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Home Town Heroes Parade PDF Print E-mail

One of the community activities our Scouts sponsor is a parade.  Parades can take many forms, and one we recommend is the Home Town Heroes Parade.


 P.O.L.E. (Plan, Organize, Lead, and Evaluate)


Scout use their knowledge of P.O.L.E. to help them with the parade.  They plan, organize, lead, and evaluate their efforts so the next parade can be even better.


Scouts are responsible for choosing the topic of the parade, organizing the parade units, the spectators, the location, and every detail of the parade.  They lead the entire event from start to finish, and afterward evaluate their efforts.




red, white, and blue balloons



Choosing a Hero


The first step is to choose heroes from their community.  All communities are filled with heroes.  Good choices are firefighters, police personnel, soldiers returned from active duty such as in Iraq or Afghanistan, teachers, and medical personnel.  Scouts could also choose someone in the community who has done something selfless, or simply a person who is always ready with a smile.  Each year, different Hometown Heroes can be selected.firefighter with truck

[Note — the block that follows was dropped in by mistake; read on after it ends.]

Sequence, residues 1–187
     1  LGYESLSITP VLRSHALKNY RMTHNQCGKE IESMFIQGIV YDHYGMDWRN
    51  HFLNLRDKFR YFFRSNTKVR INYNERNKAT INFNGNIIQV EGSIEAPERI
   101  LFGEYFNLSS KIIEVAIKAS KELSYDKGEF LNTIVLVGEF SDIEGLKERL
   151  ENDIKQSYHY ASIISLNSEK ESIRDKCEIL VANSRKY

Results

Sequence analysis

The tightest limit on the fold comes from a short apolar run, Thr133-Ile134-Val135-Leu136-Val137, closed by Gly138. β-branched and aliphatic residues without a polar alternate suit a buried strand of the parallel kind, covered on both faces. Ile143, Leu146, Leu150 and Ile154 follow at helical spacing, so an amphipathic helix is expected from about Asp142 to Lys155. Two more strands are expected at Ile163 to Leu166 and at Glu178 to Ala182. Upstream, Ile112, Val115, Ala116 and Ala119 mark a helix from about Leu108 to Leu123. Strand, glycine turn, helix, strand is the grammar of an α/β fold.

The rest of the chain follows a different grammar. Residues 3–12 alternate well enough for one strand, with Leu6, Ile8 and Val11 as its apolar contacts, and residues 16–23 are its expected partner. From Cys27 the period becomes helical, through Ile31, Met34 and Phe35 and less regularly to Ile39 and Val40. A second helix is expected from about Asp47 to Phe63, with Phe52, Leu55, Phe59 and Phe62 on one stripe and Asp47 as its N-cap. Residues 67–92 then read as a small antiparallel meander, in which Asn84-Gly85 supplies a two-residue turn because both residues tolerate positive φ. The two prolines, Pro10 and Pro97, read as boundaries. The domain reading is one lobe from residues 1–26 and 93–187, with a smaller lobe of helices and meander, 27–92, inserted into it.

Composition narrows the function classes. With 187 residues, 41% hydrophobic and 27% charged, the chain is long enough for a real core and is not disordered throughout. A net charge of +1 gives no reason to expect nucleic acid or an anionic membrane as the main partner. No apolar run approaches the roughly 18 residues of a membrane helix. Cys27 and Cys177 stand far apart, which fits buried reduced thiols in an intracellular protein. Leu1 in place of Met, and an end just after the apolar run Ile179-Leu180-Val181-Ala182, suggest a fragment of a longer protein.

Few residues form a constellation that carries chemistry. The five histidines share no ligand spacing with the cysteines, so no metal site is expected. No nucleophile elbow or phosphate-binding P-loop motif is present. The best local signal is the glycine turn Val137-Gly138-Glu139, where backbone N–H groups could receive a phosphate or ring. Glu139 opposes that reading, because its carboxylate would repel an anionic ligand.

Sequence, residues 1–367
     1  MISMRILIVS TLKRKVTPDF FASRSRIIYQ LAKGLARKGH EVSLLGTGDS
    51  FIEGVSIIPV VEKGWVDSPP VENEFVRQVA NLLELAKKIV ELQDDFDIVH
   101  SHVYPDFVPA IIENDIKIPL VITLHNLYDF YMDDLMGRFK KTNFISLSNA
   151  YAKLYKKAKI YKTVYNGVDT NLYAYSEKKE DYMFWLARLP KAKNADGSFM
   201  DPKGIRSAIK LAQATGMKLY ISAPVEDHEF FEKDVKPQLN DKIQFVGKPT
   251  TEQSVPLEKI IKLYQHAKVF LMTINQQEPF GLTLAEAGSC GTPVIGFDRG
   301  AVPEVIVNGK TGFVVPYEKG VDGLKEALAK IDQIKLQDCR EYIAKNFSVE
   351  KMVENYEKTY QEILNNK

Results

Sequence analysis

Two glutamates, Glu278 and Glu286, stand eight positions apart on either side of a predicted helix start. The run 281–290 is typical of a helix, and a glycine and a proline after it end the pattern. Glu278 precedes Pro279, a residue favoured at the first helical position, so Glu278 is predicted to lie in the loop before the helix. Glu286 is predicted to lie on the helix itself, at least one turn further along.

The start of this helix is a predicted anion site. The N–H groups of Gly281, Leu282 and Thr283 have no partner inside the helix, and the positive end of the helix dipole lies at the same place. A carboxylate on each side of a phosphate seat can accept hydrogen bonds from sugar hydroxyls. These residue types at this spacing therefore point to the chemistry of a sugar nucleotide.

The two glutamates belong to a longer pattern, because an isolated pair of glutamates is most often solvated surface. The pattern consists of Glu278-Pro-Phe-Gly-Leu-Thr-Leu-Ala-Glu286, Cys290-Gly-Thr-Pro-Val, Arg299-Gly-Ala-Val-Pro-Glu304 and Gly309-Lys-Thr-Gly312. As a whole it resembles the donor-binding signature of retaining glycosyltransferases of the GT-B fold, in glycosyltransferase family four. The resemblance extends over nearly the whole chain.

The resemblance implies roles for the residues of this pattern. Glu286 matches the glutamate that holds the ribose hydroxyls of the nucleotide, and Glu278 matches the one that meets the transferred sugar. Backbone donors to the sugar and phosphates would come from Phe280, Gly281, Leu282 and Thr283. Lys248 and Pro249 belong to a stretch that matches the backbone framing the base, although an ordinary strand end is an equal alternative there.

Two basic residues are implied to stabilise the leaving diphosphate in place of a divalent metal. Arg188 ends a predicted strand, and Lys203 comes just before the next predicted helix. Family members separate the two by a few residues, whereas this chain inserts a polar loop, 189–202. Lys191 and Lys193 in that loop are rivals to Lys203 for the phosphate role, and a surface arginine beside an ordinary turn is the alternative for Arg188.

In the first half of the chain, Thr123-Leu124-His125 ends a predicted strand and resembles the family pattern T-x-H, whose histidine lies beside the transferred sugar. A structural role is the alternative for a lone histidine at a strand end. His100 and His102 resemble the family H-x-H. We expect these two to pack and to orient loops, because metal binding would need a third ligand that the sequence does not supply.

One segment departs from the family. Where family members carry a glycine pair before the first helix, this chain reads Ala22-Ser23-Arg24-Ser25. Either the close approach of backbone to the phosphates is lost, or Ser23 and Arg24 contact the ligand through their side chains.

Parade Units


There are three types of parade units:  floats, bands, and special units (everyone else).  Local businesses and community organizations can sponsor a float.  Local schools and colleges can provide a marching band.  Police cars, fire trucks, our Scouts, those on horseback, and those on foot constitute special units.


Scouts need to be aware that city or police department permission is necessary in order to hold a parade.  Going to the local Sheriff’s office to find what needs to be done well ahead time is part of the planning process.  If Scouts want to sell anything such stickers or t-shirts relating to the Scout Program, that must also be cleared with appropriate authorities first.  There may be tax restrictions and special licenses needed.




Scouts will of course want to let the community know about the parade so they can attend.  Scouts will want to take out ads in local newspapers, which may provide free space for our Scouts.  Where permissible, hanging signs where local people will see them is another choice.


The Home Town Hero Parade is an acknowledgment of local heroes and a chance for our Scouts to get out into the community, meet new people, and perform a service for their community.

Last Updated ( Friday, 28 November 2008 08:53 )
Adventure Scouts USA